Over the last decade – after 60-plus years of steady increases – the number of miles driven by the average American has been falling. Young Americans have experienced the greatest changes: driving less; taking transit, biking and walking more; and seeking out places to live in cities and walkable communities where driving is an option, not a necessity.
…Millennials (those born between 1983 and 2000) are the nation’s largest generation, making their transportation needs particularly important. They have the most to gain or lose from the transportation investment decisions we make today, as they will be affected by those investments for decades to come. If Millennials drive fewer miles than previous generations as they age – and if future generations of young people follow suit – America will have an opportunity to reap the benefits of slower growth in driving. These include reduced traffic congestion, fewer deaths and injuries on the roads, reduced expenditures for highway construction and repair, and less pollution of our air and climate.
This makes a lot of sense! First up, I live in the internet age. Many of my closest friends live near me, and I see in person frequently. Still many of my best friends live far away from me. Take my compatriots on The Squirrel Report, Jay used to live locally, but I met him online, Breda and Alan live in Ohio and Texas, and I was friends with them for years before I finally met them…yet they were indeed friends. I have several people I consider good friends who I have NEVER met in person, thanks to the internet.
Then comes cultural things. The wife and I had our honeymoon in Burmuda. It’s a damn tiny island in the middle of the Atlantic. I got to asking the locals if they found being in stuck in such a small area an issue. To my surprise many said they not only were they not bothered by being confined to such a small island, but that they rarely left their part of the island. A similar story was at a friend’s wedding. There was a rather magnanimous dude in a full dress kilt in the wedding party. As you might expect he was from Scotland. He was a talkative chap and we talked about a number of things, but the interesting story that goes with this post is his comment on drunk driving in America. See in the UK most people live and work in the same town, and at the end of the day they go to the corner pub. At last call, drunk as they may be, they simply walk home as they live right there.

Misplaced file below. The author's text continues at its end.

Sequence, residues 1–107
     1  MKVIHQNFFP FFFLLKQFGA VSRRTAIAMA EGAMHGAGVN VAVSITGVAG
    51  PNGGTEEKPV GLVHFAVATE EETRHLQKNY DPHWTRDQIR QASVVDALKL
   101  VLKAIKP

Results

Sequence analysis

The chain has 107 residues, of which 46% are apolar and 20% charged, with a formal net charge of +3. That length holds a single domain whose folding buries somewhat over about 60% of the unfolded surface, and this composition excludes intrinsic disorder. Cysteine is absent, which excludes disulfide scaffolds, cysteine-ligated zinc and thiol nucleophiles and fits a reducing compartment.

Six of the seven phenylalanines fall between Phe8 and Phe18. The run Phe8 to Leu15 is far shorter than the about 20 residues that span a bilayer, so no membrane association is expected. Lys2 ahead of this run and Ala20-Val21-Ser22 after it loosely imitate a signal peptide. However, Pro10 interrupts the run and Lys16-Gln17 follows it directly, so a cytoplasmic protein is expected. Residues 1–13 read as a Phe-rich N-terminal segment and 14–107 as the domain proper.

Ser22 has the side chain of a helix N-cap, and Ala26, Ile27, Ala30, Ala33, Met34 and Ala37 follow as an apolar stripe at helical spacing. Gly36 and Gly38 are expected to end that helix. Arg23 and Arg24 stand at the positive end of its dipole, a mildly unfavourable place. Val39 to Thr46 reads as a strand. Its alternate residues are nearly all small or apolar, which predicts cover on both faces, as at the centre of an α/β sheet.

Now fast forward to this weekend, of course I was snowed in at my parents place in Maine, still I was reading articles in a local magazine about the fancy restaurants in town. My home town has become quite the foodie place, and I’ve enjoyed the crap out of that when I’m home for the Holidays. Still it’s not like Maine is any different than anyplace else. My town in Mass is full of great eating establishments, and I assume that most places are the same.
All of this translates to less travel. My cousin in the very Northern part of Maine would talk about driving late at night down to Bangor, which is over 100 miles from where he lives to get food. Those days are over. Now you can find any dining you want just up the street. Why drive and burn time and gasoline when you can just walk up the street?
All of this translates to less time on the road, and less of the bad things that happen on the road.
But remember, guns are the problem…because we can’t look at facts that don’t fit the narrative!